DATE: Thursday, November 3, 2005
TIME: 12:00 pm - 1:00 pm
PLACE: Wean Hall 8220

Michael Merideth

Thema: Byzantine-Fault-Tolerant Middleware for Web-Service Applications

Distributed applications composed of collections of Web Services may call for diverse levels of reliability in different parts of the system.  Byzantine fault tolerance is a general strategy that has recently been shown to be practical for the development of certain classes of survivable, client-server, distributed applications; however, little research has been done on incorporating it into selective parts of multi-tier, distributed applications like Web Services that have heterogeneous reliability requirements.

In this talk, I will present the design and evaluation of Thema, a new middleware system that extends Castro-Liskov BFT and Web Services technologies to provide a structured way to build multi-tier, Byzantine-fault-tolerant, survivable Web Services that application developers can use like other Web Services.  I will also discuss some of the challenges involved in building multi-tier-capable BFT, including a potential deadlock scenario.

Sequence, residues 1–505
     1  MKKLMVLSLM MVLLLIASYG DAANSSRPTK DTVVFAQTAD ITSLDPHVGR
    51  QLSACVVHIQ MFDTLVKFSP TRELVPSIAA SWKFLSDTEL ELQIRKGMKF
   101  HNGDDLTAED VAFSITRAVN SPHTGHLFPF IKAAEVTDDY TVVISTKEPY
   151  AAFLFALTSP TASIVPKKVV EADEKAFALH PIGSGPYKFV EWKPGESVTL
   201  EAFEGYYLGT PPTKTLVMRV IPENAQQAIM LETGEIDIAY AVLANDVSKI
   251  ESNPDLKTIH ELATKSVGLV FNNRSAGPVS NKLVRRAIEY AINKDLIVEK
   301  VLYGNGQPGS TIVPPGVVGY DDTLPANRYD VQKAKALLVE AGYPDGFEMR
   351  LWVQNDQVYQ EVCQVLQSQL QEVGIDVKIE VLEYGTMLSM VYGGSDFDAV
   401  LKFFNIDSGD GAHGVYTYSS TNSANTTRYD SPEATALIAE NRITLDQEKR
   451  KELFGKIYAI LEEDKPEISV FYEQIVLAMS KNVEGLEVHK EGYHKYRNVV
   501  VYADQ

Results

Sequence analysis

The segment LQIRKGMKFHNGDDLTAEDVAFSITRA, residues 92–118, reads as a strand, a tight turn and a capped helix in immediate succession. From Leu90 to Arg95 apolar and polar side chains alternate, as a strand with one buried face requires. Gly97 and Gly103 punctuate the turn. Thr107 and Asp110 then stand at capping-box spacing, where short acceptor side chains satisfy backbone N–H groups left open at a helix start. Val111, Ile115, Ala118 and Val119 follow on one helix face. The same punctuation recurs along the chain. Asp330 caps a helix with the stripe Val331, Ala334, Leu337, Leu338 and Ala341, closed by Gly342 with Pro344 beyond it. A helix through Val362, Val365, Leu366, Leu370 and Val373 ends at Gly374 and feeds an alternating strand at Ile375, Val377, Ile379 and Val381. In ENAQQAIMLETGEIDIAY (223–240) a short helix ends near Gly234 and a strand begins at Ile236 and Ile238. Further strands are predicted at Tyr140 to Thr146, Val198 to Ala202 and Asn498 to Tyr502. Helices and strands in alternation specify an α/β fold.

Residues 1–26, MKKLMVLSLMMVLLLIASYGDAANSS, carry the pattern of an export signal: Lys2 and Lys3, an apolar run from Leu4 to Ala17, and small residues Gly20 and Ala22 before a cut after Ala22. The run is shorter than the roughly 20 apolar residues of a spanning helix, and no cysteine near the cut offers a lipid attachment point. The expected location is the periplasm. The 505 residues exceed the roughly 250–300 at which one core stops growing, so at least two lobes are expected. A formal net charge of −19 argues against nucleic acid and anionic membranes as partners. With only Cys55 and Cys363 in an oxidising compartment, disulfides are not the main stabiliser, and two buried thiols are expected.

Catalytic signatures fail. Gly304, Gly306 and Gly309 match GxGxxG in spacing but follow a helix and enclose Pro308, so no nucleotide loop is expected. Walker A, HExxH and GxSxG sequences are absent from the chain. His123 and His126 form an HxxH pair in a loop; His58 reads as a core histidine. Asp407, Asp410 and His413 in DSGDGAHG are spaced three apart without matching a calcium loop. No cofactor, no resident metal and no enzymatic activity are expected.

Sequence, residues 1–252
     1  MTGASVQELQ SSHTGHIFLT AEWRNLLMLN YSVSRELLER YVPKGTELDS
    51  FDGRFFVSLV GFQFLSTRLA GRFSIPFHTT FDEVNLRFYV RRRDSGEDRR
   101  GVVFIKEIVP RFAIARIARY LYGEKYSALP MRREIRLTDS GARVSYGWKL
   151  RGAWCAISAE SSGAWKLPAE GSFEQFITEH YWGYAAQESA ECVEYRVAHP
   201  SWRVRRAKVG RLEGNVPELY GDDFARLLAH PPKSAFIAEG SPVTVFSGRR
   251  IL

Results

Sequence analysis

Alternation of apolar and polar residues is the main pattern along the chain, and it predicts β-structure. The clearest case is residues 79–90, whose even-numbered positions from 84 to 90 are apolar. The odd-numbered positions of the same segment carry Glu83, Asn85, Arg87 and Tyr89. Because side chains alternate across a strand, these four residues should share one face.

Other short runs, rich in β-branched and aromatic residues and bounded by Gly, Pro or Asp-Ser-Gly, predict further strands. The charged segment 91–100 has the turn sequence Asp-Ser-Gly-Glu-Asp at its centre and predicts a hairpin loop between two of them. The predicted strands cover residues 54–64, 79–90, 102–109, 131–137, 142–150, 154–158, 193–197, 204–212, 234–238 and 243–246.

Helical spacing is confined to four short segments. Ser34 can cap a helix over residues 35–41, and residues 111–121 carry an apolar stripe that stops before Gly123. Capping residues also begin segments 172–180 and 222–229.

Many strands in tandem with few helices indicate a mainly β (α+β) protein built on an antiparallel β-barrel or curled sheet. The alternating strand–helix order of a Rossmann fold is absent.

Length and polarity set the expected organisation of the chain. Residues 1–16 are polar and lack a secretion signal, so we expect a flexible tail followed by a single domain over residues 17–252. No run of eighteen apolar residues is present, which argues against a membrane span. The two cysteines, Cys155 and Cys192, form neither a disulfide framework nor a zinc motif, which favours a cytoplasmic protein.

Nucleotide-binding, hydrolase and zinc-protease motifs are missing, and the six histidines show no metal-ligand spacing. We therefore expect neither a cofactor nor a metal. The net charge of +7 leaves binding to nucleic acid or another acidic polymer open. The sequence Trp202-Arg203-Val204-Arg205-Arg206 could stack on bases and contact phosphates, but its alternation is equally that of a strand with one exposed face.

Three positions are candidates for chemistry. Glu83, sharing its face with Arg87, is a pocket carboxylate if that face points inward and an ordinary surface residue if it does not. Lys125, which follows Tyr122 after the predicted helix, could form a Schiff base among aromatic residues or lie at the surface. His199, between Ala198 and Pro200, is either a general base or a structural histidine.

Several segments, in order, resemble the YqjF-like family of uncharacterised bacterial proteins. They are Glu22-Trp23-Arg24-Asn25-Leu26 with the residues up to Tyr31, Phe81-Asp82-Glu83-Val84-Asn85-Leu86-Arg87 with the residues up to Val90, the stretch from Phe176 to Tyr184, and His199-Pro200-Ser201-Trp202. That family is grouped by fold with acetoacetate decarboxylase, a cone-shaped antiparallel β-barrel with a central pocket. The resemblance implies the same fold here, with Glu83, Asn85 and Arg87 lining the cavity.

Michael Merideth is a 4th year PhD student in the ISRI department of the School of Computer Science at Carnegie Mellon University.  Michael received an A.B., summa cum laude, from Bowdoin College, Maine, and an M.S. from Carnegie Mellon.  He spent a year of his undergraduate studies at the University of Manchester, England, and worked fulltime in Boston and the Bay Area for three years before coming to Pittsburgh.  Michael’s current research interests are in the area of reliable distributed systems.

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